With four technology revolutions happening at once, the titles and responsibilities of those leading companies need to change with and reflect the times.
There are currently four information technology revolutions occurring simultaneously and interactively — social, mobile, analytics and cloud, or as Cognizant Consulting has named it, the “SMAC stack.”
They’re increasingly changing the nature of work and job roles. Analytics arguably is having the biggest impact.
This sort of disruptive change is nothing new. The Industrial Age and the Information Age both drove new organizational structures and jobs. Most of the business executive titles we consider standard today are not much more than 100 years old, and are a result of the cumulative impact of a series of technology and process innovations over the past 150 years:
Chief executive officer: The rise of publicly traded companies in the mid-19th century led to large companies being managed by a senior executive employee, rather than by the companies’ owner.
Chief financial officer: 100 years ago, DuPont and General Motors responded to the growing complexity of giant industrial enterprises by pioneering management accounting, a set of financial tools that allowed managers to make strategic decisions about capital allocation. This elevated finance from a tactical discipline managed by a controller to a strategic one, overseen by a CFO.
Chief marketing officer: Companies used to make a product, and then try to sell it. Henry Ford captured the rigidity when in 1909 he wrote: “Any customer can have a car painted any color that he wants, so long as it is black.”
In the decades since World War II, and the rise of mass consumer markets, the explosion of product variations and targeted consumer advertising on electronic media (radio, television and Internet) has led to marketing as a complex discipline that is the strategic backbone of most industries.
Chief information officer: Computers have been part of business for nearly 50 years. Some companies innovated with computing for decades. But as recently as 20 years ago, a company could be successful using IT for tactical, back-office purposes only — accounting, inventory and payroll. A tactical IT function was managed by a director of data processing. But an IT function tasked with adding strategic business value has driven the rise of the CIO.
What are some of the new titles being spurred by the SMAC stack revolution? Here are four that are moving from the innovative edge of organizations to the mainstream:
Chief digital marketing officer: The rise of big data analytics has turbocharged the role of vice president of online marketing. Digital, multichannel marketing is becoming so important so quickly that it may soon become indistinguishable from a chief marketing officer, who will have a digital marketing competence.
Vice president of customer experience: The power of social networks is as a platform for companies to interact directly with individual consumers on Twitter and Facebook, in full view of the world. The VP of customer experience is tasked with being an internal advocate for this more powerful consumer.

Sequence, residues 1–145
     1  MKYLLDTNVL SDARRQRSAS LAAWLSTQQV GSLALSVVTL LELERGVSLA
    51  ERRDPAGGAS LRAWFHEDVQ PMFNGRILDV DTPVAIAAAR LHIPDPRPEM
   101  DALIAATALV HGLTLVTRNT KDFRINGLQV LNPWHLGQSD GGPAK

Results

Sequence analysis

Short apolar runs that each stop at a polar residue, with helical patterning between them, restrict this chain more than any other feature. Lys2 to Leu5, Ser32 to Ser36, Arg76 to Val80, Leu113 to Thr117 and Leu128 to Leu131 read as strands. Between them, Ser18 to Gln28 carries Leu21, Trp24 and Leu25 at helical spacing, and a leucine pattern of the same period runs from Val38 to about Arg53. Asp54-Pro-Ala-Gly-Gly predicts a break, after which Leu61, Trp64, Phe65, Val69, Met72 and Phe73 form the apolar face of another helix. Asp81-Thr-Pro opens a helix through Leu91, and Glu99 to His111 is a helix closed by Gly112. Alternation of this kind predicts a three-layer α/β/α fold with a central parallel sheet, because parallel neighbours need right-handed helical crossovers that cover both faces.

However, the position is ultimately a matrixed role, with influence, not true authority. As such, candidates for this role who do not have a long history and high credibility within the company are less likely to be successful in effecting change as a customer advocate.
Chief analytics officer: These executives are traditionally limited to companies where analytics is central to their products — marketing researcher AC Nielsen, for instance. But analytics is becoming so important in certain industries, such as health care delivery, that the person in charge of providing analytic insights may begin to approach the CFO in importance.
Chief data officer: Organizations are inundated with overwhelming volumes of data, structured and unstructured. The data is useful to the extent it is organized effectively and efficiently. So the role of a chief data officer is an obvious one. Unfortunately, it is not at all clear that data can be turned into useful information by anyone other than the person managing the business unit, or company.
This lesson was learned the hard way from the Total Quality Management and Six Sigma “Lean” initiatives of the 1980s and ’90s, when chief quality officers were unable to get general managers running businesses to change their behavior. Ultimately, “Lean” was successful when incorporated into day-to-day management practices. So it will be with turning data into information.
We are advising our clients about the importance of taking the trouble to re-engineer these new roles to align them with business goals, rather than cobbling together old job descriptions. Future columns will explore how to design, hire and get hired for these 21st-century roles.
About the author: Isaac Cheifetz is president of Open Technologies, a Minneapolis-based executive search consultancy for information and IT industries. Reach him at firstname.lastname@example.org or on Twitter at @isaaccheifetz.